Like most of Crocs’ products, these boots are made of soft Croslite foam resin that’s so lightweight your tyke should make it until at least lunchtime before asking to be carried. Sturdy handles make it easier for little ones to get themselves ready for outdoor adventures. Crocs’ waterproof, just-hose-’em-off nature means you can encourage your youngsters to aim for puddles instead of hollering at them to avoid soggy spots.
DogMocs’ paw-protecting canine booties—made of deerskin and dreamed up by Loveland’s Mark Haines when his German shepherd, Storm, began dragging his back legs due to spinal issues—retail for around $30 per pair. Visit DogMocs’ website for a list of local retailers.
Unlike the rubber used for most dog bootie soles, leather doesn’t block canines’ much-relied-upon sense of touch. Deerskin dries soft and supple, meaning it won’t harden and crack like other leathers after getting wet. DogMocs are so breathable, tough, and reliable (thanks to their ankle-tie design), they’re worn by U.S. military pooches in Afghanistan and Iraq—so we’re pretty sure they’ll hold up on your dayhikes.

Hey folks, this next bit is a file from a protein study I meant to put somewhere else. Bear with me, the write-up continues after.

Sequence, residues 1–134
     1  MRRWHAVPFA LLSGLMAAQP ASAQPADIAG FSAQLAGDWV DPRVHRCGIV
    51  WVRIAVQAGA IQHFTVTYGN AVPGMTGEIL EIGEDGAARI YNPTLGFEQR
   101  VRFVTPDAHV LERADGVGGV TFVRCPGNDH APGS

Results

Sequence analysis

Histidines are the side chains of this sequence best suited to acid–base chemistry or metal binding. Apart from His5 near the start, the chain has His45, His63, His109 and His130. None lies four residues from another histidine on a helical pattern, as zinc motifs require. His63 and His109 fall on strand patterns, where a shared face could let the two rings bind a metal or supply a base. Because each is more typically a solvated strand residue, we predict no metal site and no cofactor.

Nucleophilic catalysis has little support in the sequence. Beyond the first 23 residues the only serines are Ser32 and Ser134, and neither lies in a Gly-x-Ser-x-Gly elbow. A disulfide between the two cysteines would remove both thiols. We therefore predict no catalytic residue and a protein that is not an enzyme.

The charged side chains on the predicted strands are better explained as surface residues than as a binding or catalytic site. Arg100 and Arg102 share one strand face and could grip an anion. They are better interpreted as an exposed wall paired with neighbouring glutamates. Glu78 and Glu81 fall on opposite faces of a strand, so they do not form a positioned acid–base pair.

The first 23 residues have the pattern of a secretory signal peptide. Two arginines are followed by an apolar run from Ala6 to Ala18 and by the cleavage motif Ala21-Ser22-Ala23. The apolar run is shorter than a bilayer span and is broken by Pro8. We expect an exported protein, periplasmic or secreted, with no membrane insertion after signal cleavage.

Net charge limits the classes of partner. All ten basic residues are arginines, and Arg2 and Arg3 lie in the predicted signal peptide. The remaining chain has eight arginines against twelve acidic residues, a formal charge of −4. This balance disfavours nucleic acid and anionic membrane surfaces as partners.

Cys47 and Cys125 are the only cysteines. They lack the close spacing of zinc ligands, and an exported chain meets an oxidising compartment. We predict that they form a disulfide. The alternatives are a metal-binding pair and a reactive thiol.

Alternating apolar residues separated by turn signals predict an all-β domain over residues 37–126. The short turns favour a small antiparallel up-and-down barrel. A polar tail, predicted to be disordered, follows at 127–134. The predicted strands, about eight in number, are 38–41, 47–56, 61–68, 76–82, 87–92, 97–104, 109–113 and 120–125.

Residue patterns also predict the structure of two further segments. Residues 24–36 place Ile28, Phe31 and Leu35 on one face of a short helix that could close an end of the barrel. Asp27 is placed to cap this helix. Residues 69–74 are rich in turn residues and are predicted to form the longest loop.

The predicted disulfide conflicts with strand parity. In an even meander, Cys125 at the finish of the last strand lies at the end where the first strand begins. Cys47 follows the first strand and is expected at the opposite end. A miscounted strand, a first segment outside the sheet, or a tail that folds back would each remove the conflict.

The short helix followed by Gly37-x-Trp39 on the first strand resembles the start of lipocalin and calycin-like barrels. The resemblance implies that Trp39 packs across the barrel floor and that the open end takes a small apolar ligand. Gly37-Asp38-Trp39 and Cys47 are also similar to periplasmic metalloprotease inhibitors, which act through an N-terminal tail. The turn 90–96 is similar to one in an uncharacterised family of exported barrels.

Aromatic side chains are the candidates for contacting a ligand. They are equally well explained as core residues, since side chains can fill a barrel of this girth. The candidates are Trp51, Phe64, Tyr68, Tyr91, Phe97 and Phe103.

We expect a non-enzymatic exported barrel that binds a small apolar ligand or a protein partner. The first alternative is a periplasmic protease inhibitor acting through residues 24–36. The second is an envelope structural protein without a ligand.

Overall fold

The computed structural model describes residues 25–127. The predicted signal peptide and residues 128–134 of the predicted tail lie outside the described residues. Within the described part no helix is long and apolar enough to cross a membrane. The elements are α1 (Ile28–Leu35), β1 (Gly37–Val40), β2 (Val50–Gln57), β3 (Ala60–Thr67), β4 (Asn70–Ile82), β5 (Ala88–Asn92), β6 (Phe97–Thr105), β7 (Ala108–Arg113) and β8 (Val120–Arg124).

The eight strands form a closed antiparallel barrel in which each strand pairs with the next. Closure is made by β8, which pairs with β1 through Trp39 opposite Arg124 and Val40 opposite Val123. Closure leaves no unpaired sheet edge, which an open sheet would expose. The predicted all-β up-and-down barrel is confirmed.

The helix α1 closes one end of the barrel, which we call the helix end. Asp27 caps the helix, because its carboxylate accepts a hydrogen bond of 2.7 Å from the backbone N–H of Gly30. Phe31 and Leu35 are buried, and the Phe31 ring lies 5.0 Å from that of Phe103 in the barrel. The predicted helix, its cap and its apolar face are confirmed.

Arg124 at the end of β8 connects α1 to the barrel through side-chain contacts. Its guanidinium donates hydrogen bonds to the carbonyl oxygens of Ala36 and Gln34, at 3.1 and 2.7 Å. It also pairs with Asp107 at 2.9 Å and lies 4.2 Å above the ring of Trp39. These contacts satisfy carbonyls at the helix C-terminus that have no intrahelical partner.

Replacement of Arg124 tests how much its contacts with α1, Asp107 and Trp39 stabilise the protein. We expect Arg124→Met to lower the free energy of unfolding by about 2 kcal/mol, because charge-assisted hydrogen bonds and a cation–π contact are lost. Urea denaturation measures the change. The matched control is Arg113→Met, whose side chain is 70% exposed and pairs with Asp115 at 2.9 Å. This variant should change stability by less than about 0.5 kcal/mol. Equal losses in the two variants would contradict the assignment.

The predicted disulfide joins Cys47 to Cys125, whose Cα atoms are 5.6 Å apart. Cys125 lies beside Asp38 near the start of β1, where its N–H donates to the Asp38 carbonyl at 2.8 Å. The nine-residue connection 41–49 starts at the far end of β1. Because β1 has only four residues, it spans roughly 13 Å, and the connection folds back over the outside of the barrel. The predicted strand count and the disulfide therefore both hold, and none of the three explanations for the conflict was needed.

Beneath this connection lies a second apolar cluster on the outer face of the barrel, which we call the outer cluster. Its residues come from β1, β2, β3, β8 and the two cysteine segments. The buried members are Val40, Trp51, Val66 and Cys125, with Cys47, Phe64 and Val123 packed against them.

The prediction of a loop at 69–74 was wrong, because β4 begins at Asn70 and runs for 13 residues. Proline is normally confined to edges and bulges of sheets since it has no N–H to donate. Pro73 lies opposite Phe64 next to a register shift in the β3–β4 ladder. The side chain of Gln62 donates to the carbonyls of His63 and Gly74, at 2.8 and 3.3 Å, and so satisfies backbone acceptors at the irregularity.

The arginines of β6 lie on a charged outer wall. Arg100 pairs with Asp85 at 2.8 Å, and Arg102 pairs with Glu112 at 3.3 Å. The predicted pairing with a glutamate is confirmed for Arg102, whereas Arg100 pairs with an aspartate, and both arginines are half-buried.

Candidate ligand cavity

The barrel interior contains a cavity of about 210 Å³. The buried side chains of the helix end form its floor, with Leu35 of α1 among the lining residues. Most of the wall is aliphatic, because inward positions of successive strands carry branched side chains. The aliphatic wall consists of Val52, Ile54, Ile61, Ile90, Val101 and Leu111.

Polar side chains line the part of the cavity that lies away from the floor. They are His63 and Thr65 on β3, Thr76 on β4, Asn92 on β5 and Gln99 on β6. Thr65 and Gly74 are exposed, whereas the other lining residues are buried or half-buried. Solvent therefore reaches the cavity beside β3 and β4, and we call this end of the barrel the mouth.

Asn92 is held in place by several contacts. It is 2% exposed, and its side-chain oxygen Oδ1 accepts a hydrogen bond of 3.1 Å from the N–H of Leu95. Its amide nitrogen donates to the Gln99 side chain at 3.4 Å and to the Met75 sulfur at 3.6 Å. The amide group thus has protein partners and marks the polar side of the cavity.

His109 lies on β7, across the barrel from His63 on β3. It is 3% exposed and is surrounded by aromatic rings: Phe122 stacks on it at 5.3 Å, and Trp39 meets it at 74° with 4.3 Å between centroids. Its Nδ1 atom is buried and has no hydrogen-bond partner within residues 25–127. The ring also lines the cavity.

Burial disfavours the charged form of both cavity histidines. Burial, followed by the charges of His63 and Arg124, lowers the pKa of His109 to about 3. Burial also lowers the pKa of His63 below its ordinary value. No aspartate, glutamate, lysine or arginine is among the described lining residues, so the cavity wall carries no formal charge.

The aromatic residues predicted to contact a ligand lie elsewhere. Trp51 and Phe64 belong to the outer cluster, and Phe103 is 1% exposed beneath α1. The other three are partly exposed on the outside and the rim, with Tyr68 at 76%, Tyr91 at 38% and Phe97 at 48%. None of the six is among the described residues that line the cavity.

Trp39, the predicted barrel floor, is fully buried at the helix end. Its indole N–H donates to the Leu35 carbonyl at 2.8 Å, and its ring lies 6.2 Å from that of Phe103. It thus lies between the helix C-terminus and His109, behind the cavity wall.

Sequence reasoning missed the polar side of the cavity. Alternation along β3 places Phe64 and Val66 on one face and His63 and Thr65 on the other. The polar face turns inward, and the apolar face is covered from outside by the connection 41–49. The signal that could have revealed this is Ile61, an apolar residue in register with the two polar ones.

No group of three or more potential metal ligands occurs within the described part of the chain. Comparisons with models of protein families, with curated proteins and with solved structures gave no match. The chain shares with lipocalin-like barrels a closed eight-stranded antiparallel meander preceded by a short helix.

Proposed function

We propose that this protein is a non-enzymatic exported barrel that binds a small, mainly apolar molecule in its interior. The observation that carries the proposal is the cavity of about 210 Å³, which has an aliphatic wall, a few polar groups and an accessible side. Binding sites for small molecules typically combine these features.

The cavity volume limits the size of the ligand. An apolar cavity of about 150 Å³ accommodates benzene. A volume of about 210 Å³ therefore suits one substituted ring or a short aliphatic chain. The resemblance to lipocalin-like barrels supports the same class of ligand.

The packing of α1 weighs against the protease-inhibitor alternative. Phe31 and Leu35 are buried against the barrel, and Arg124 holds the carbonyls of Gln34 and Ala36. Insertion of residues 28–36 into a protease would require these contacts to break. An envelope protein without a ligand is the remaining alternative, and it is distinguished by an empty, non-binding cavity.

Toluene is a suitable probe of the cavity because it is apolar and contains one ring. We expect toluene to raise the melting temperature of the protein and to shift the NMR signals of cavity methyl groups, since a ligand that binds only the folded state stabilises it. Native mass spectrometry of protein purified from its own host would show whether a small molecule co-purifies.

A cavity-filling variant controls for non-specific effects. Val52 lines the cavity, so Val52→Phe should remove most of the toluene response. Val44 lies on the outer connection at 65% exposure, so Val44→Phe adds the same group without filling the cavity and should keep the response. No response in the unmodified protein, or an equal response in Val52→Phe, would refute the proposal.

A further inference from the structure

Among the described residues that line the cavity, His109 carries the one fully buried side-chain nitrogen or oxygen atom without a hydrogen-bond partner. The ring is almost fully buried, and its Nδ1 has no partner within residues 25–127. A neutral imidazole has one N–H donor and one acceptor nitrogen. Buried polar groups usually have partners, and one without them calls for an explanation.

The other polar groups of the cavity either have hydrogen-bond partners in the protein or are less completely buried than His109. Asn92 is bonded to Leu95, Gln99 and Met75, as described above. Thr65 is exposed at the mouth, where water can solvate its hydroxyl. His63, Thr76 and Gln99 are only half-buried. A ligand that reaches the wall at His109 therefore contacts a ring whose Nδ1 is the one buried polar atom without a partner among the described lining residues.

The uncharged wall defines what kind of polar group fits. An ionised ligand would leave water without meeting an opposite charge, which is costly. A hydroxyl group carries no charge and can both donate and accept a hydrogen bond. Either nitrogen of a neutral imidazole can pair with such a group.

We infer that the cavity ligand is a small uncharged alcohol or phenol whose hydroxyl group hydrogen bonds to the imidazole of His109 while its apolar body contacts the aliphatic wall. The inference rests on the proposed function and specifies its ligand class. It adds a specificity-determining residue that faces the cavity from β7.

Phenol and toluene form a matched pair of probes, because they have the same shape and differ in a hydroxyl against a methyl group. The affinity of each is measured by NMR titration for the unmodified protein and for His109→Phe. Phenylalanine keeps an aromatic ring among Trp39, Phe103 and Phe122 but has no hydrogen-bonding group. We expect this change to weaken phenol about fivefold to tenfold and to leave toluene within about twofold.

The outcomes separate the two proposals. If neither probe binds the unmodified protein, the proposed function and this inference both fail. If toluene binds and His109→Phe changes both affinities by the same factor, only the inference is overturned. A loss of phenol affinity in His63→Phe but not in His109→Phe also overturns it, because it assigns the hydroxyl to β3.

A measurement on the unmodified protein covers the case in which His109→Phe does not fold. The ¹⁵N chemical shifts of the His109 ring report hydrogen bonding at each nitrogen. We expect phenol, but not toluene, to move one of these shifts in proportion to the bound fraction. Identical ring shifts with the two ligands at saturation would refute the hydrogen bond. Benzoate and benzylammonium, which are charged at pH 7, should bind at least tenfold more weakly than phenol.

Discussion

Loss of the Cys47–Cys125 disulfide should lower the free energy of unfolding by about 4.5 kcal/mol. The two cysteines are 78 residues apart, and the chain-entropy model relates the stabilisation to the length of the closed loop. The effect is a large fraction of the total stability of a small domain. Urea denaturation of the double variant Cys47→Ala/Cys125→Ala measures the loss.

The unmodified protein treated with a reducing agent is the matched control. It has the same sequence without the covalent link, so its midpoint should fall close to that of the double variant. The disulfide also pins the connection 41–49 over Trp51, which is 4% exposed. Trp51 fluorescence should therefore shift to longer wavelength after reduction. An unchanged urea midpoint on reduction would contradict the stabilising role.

Travel Hack: Dining
Generally speaking, more fine-dining restaurants tend to take seasonal breaks than casual eateries and bars, which usually stick it out through the shoulder season. Translation: lots of pub grub. If you’re looking for a more elevated meal, search for area cooking classes such as Colorado Mountain College’s demonstration-focused Chef’s Dinner Party ($65 per person, includes dinner and one glass of wine) on June 25 in Breckenridge.
Hit the Backcountry Slopes
For some Coloradans, prime ski season begins just as the lifts start shutting down: Schussing in the backcountry keeps many die-hard skiers on the slopes well into June, for three reasons. The first is corn snow, that forgiving, easy-turning granular surface that magically appears midmorning when frozen-hard snow melts—just enough—in the warm spring sun. Time it right and you’ll make hero turns for miles. The Front Range also generally gets more of the white stuff in spring than in any other season, and unlike in midwinter, it doesn’t all blow away to Kansas as soon as it falls. Finally, backcountry cruising (try frontrangeskimo.com for maps, photos, and detailed descriptions of routes) is just friendlier in the shoulder season than it is in winter. The days are longer; you’re more likely to suffer sunburn than windburn; and avalanche danger*—while still present—is easier to predict and manage. So don’t put away your snow gear just yet. —Dougald MacDonald